He was implacably opposed to the ideas of Socialist realism. His First Symphony was proscribed as "formalist", and he found himself shunned by the Soviet authorities, a situation that continued throughout the era of Khrushchev, Brezhnev, Andropov and Chernenko. In 1954, the climate of musical oppression drove his friend Andrzej Panufnik to defect to the United Kingdom. Against this background, he was happy to compose pieces for which there was social need, but in 1954 this earned Lutosławski—much to the composer's chagrin—the Prime Minister's Prize, for a set of children's songs.

As he commented, "… it was for those functional compositions of mine that the authorities decorated me … I realised that I was not writing indifferent little pieces, only to make a living, but was carrying on an artistic creative activity in the eyes of the outside world."[2] It was his substantial and original Concerto for Orchestra of 1954 that established Lutosławski as an important composer of art music. The work earned the composer two state prizes in the following year. Maturity Stalin's death in 1953 allowed a certain relaxation of the cultural totalitarianism in Russia and its satellite states. By 1956, political events had led to a partial thawing of the musical climate, and the Warsaw Autumn Festival of Contemporary Music was founded. Originally intended to be a biennial festival, it has been held annually ever since 1958 (except under Martial law in 1982 when, in protest, the ZKP refused to organise it).

The year 1958 saw the first performance of his Muzyka żałobna (Musique funèbre, or "Music of mourning"), written to commemorate the 10th anniversary of the death of Béla Bartók; this work brought international recognition, the annual ZKP prize and the UNESCO prize in 1959. This work, together with the Five songs of 1956–57, saw the significant development of Lutosławski's harmonic and contrapuntal thinking by introducing the twelve-note system that he had developed. He established another feature of his compositional technique, which became a Lutosławski signature, when he began introducing randomness into the exact synchronisation of various parts of the musical ensemble in Jeux vénitiens ("Venetian games"). These harmonic and temporal techniques became part of every subsequent work, and integral to his style. In a departure from his usually serious compositions, the years 1957–63 saw Lutosławski also composing light music under the pseudonym Derwid.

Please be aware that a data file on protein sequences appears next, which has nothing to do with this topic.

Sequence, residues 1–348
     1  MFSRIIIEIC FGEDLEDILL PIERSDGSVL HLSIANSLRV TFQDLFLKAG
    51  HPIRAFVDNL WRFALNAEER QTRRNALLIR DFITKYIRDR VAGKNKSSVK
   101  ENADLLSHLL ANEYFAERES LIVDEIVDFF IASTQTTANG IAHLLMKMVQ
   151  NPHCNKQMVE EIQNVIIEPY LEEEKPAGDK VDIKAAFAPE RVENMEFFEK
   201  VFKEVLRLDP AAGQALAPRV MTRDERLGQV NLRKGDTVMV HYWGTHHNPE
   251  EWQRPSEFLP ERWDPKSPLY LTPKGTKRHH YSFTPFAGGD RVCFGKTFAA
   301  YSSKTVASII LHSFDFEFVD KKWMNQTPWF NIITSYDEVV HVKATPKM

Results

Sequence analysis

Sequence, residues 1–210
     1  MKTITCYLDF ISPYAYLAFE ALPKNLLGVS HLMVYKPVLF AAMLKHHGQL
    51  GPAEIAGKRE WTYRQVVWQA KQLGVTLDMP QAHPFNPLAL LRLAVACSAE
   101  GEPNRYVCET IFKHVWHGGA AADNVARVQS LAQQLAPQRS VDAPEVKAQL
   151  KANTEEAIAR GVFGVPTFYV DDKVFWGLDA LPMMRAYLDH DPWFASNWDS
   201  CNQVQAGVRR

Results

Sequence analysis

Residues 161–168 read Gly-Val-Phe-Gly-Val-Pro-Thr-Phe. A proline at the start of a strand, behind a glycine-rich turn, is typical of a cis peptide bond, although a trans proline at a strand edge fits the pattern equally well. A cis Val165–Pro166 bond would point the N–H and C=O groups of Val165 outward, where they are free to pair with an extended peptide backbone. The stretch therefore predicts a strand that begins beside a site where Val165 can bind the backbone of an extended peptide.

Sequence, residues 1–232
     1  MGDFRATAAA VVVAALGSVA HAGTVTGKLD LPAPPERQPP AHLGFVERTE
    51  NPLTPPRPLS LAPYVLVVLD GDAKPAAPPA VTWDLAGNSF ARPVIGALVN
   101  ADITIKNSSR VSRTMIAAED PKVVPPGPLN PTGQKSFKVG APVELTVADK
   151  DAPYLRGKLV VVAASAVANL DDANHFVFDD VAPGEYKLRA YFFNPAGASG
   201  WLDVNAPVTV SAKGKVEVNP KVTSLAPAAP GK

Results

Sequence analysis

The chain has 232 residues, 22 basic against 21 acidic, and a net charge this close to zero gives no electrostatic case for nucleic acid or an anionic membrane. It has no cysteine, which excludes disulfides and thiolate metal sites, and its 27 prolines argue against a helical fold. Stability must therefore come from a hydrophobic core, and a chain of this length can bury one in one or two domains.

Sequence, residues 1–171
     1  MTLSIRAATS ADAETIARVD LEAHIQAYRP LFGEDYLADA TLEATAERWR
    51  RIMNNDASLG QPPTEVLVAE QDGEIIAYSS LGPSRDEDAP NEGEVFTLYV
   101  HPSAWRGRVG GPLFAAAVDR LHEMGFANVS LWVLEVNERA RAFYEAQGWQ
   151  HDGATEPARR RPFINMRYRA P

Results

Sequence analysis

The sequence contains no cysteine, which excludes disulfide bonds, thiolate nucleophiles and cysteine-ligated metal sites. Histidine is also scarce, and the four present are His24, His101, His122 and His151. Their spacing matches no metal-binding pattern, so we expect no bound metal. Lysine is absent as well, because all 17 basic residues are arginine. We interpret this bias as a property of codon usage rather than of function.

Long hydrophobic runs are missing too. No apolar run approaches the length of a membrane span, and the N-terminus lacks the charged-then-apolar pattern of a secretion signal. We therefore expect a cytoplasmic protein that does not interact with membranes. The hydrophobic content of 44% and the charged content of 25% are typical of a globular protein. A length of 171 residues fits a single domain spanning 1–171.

Mostly waltzes, tangos, foxtrots and slow-foxtrots for voice and piano, these pieces are in the genre of Polish actors' songs. Their place in Lutosławski's output may be seen as less incongruous given his own performances of cabaret music during the war, and in the light of his relationship by marriage to the famous Polish cabaret singer Kalina Jędrusik (who was his wife's sister-in-law). In 1963, Lutosławski fulfilled a commission for the Zagreb music Biennale, his Trois poèmes d'Henri Michaux for chorus and orchestra. It was the first work he had written for a commission from abroad, and brought him further international acclaim. It earned him a second State Prize for music (there was no cynicism towards the award this time), and Lutosławski gained an agreement for the international publication of his music with Chester Music, then part of the Hansen publishing house. With his String Quartet (1964), Lutosławski (or rather his wife, Danuta) solved the problem of how to notate his requirement for a lack of synchronicity between the parts.

Originally Lutosławski produced only the four instrumental parts, refusing to bind them in a full score, because he was concerned that this would imply that he wanted notes in vertical alignment to coincide, as is the case with conventionally notated classical ensemble music. Danuta solved this by cutting up the parts and sticking them together in boxes (which Lutosławski called mobiles), with instructions on how to signal in performance when all of the players should proceed to the next mobile. In his orchestral music, these problems were not so difficult, because the instructions on how and when to proceed are given by the conductor. The String Quartet was first performed in Stockholm in 1965, followed the same year by the first performance of his orchestral song-cycle Paroles tissées. This shortened title was suggested by the poet Jean-François Chabrun, who had originally published the poems as Quatre tapisseries pour la Châtelaine de Vergi.